True courage is generally combined with generosity and magnanimity. The brave man seldom oppresses a fallen foe; a fact strikingly exemplified in Church’s treatment of his prisoners. He seems to have harbored none of those feelings of bitterness and revenge, which led the colonists to acts of perfidy and cruelty hardly surpassed by the savages themselves. The manner in which he was able to conciliate the good will of the Indians, known as he was among them for their most dangerous foe, is truly astonishing. It was his custom to select from his captives such as took his fancy, and attach them to himself, and never was officer attended by a more enthusiastic and faithful guard than they proved. His son tells us that “if he perceived they looked surly, and his Indian soldiers called them treacherous dogs, as some of them would sometimes do, all the notice he would take of it would only be to clap them on the back, and tell them, Come, come, you look wild and surly, and mutter, but that signifies nothing; these, my best soldiers, were, a little while ago, as wild and surly as you are now; by the time you have been but one day with me, you will love me too, and be as brisk as any of them. And it proved so, for there was none of them but, after they had been a little while with him, and seen his behavior and how cheerful and successful his men were, would be as ready to pilot him to any place where the Indians dwelt or haunted, though their own fathers or nearest relations should be among them, or to fight for him, as any of his own men.”
Captain Church was in high favor and confidence with Awoshonks and her tribe; he therefore accepted her invitation to attend at the dance, and started for the camp, accompanied by a son of his tenant, who spoke the Indian language.
He found the queen leading the dance, “in a muck of sweat,” surrounded by a great body of her subjects. She received her visitor hospitably, told him of Philip’s threats, and inquired concerning the purposes of the English. Church told her that no injuries had been meditated by the whites, as Philip averred, but that the sachem was the aggressor. He advised her to keep upon good terms with the English, asking her whether it was a probable thing that he should have come down into the wilderness to settle, if there were warlike preparations in progress among his people; and silenced the six Mount Hope ambassadors by recommending that they should be knocked on the head. A stormy discussion ensued among the Indians, and one Little Eyes, a man of importance, endeavored to draw Church aside to dispatch him quietly; but the captain was unmoved, and upbraided the Mount Hopes for their bloody intention, assuring them that, if they would have war, he would prove a thorn in their sides. Awoshonks inclined to his advice, and, having appointed two men to guard his house during his absence, desired him to go to Plymouth, and make known her good faith to the colonies.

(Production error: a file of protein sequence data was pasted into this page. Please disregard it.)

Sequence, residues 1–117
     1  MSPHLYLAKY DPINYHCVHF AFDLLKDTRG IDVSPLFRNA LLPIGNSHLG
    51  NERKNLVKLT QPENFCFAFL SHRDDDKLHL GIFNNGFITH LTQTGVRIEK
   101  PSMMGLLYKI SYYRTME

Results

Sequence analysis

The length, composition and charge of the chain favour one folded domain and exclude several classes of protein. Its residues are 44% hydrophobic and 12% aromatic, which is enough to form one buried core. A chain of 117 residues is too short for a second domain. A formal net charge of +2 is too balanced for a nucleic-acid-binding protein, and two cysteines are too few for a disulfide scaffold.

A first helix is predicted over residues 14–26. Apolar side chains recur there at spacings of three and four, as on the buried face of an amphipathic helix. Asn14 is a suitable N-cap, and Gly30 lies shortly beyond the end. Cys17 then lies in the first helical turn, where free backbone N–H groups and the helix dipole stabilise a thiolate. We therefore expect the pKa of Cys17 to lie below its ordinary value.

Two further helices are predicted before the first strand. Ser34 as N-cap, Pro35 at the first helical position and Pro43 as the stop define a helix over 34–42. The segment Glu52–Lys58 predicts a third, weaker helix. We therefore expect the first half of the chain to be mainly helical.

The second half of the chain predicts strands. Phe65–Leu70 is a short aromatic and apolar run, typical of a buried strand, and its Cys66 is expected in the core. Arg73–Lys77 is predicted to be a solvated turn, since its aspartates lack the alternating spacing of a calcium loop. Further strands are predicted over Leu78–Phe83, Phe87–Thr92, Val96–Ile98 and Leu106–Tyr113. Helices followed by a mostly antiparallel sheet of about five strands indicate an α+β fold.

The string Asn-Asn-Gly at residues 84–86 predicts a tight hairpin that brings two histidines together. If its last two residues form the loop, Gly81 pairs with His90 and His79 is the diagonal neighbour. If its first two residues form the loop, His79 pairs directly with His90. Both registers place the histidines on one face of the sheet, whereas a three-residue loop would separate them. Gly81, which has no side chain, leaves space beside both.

Church started on his mission, and, on the way, gained further information concerning Philip’s movements from Peter Nunnuit, the husband of Weetamore, queen of Pocasset, now Tiverton. Philip, it seems, had been holding a protracted dance for a number of weeks, rousing a martial spirit in the minds of the young warriors who were gathered about him from far and near. He had finally promised them that, on the succeeding Sabbath, they might plunder the English settlements, while the people were engaged in religious services.